Saffron: What to Know About the World’s Most Expensive Spice
Saffron has always been one of the world's most expensive spices, treasured for its goldenrod color and rich, distinct flavor.
Saffron is literally cooking’s golden child—with its deep orange hue bringing a vibrant color and flavor to any dish—and it’s also the most expensive spice in the world. How much is Saffron? Well, by the 16th century, it cost as much as gold and today, top-quality saffron will run you up to $10,000 a pound.
But what exactly is the spice that Cleopatra was said to use in her bathwater and launched a fourteen-day war in 1374? And what are the options for those of us who want the flavor without the price tag? By the way, these are the common Indian spices you need to know about.
What Is Saffron? Why Is Saffron So Expensive?
Saffron is made from the saffron crocus, a purple flower that blooms in autumn and can grow almost anywhere in the world. But while the plants might be geographically adaptable, they’re very particular: the flowers only bloom for one to three weeks each year and must be hand-picked.
To produce a single gram of saffron requires roughly 150 flowers and a significant amount of labor. So, is it pricey? Absolutely. But a gram of saffron goes a very long way. This Shrimp & Cod Stew in Saffron Broth calls for only 1/4 teaspoon of saffron threads.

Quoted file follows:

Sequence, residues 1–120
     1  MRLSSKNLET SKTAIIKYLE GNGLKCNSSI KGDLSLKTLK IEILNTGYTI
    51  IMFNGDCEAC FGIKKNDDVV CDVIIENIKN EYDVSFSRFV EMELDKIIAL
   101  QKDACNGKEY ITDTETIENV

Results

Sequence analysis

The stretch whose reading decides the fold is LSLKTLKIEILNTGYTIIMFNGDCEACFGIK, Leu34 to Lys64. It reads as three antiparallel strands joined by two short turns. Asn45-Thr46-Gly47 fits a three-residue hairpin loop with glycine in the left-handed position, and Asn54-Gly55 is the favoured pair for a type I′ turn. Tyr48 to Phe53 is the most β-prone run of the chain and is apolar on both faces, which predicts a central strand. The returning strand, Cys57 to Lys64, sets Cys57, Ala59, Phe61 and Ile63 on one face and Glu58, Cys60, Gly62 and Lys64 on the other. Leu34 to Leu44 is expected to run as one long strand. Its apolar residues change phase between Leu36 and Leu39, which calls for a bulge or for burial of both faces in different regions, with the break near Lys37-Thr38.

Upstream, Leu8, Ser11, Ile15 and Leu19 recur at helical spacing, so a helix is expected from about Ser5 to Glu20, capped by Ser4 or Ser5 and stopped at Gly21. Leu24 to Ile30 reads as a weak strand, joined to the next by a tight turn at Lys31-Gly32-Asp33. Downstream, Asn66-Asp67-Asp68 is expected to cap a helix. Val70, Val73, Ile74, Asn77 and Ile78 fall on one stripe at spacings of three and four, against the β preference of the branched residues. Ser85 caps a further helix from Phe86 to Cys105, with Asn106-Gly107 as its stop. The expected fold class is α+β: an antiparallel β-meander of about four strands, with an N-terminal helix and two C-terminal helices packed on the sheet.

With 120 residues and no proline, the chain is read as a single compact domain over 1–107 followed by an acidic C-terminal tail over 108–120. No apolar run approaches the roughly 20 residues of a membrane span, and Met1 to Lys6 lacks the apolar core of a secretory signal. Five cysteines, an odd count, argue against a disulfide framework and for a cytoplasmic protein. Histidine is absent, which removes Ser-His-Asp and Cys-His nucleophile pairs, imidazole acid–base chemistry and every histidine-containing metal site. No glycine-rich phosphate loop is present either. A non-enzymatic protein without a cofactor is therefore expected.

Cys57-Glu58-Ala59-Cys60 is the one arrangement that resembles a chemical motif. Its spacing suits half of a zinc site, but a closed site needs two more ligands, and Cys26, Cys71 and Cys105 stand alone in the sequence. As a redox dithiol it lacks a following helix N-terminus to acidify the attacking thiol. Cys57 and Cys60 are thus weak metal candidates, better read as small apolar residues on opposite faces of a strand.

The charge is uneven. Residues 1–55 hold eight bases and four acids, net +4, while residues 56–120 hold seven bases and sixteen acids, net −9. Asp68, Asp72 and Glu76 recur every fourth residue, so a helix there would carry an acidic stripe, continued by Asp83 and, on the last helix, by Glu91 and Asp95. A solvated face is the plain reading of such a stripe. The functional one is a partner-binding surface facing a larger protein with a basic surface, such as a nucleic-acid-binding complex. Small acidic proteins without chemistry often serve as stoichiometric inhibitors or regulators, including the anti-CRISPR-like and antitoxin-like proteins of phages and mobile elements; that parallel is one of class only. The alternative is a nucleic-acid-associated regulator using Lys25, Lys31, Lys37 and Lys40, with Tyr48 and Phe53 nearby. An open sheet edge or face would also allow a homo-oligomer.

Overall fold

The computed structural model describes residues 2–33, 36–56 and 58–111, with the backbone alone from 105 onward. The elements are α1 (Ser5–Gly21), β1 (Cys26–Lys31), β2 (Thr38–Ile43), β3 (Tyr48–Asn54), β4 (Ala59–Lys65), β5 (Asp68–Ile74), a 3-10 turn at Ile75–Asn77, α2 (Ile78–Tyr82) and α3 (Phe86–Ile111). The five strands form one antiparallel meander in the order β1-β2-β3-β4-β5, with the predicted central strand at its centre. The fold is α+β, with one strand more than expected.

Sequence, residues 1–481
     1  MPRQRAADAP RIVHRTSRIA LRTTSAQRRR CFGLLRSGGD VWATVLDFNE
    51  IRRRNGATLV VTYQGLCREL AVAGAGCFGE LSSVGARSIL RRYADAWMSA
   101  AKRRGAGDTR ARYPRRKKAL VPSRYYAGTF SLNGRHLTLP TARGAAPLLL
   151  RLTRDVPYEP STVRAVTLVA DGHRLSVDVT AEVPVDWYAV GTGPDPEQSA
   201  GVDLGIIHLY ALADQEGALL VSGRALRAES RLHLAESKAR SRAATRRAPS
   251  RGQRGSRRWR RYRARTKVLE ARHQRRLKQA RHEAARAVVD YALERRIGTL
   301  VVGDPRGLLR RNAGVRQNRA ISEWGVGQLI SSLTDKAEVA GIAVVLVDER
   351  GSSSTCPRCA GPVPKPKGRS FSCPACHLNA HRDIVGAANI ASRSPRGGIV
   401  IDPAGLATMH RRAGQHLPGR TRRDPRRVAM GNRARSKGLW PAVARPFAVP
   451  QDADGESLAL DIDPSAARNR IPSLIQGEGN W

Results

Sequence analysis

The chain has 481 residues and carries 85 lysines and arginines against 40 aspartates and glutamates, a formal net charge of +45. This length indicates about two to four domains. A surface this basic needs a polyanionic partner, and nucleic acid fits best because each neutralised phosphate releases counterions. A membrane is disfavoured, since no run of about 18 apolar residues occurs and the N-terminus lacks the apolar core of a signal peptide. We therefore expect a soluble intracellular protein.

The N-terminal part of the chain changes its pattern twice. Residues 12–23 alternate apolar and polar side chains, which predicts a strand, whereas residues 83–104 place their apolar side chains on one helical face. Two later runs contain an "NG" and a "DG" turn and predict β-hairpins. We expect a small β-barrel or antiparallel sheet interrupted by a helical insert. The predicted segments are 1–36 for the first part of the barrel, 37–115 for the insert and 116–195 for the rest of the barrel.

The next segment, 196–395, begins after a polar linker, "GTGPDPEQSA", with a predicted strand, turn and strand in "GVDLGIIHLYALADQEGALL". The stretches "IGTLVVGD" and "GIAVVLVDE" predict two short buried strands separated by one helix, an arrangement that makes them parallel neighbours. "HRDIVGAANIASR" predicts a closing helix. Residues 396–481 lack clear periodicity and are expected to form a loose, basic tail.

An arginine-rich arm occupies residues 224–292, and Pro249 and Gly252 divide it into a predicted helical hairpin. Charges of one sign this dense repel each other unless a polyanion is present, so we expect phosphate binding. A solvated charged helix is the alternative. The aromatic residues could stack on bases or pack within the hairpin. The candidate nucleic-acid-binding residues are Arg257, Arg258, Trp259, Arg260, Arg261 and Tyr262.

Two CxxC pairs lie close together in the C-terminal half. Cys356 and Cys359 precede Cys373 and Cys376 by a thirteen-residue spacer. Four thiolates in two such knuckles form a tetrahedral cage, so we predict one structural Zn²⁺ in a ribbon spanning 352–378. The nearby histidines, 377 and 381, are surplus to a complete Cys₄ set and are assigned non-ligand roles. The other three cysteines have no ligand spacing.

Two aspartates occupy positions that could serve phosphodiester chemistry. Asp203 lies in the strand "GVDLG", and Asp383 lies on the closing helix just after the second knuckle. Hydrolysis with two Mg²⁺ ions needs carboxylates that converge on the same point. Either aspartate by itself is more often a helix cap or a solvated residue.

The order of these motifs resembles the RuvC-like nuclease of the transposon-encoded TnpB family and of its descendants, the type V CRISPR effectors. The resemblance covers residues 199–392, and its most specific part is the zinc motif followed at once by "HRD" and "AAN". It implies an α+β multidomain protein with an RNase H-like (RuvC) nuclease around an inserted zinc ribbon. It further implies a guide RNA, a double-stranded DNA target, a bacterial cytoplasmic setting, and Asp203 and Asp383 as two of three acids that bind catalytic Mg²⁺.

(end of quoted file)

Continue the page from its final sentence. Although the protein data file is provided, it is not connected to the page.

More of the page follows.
Besides adding complex flavors to a wide variety of dishes, saffron has also been celebrated for its health benefits. In the 14th century, the herb was used as a remedy against the Black Death. Now, modern researchers say saffron benefits your body in more than one way, improving everything from insomnia to digestive discomfort and immune function.
What Is Saffron Used For?
Saffron is at the top of its game in rice dishes like paella, but can be a succulent addition to desserts, too. Here’s a good rule of thumb: if vanilla is included, saffron will thrive! Even a small amount adds fragrant flavor and a burst of golden color to brighten up your dish, and it can be added in combination with other spices to provide sweet flavor and depth.
To get the most color and taste, soak the saffron threads in a water or broth before cooking for at least thirty minutes, and add the infused liquid right before you serve.
Pro Tip: Avoid using wooden utensils, which can absorb some of the flavor.
Can I Substitute for Saffron?
Yes! Luckily, the most popular saffron substitute is much less expensive: turmeric. The golden root—a member of the ginger family—can brighten up dishes with a similar vibrant hue and is the wellness industry’s current sweetheart for its anti-inflammatory and disease-fighting ability.
Use turmeric more sparingly than saffron, though. Saffron has a subtler flavor, and you want to make sure turmeric’s acrid notes are in perfect proportion to the other flavors in your dish. Iron Chef Geoffrey Zakarian recommends combining 1/4 teaspoon turmeric with 1/2 teaspoon paprika to achieve a taste as close to saffron as possible.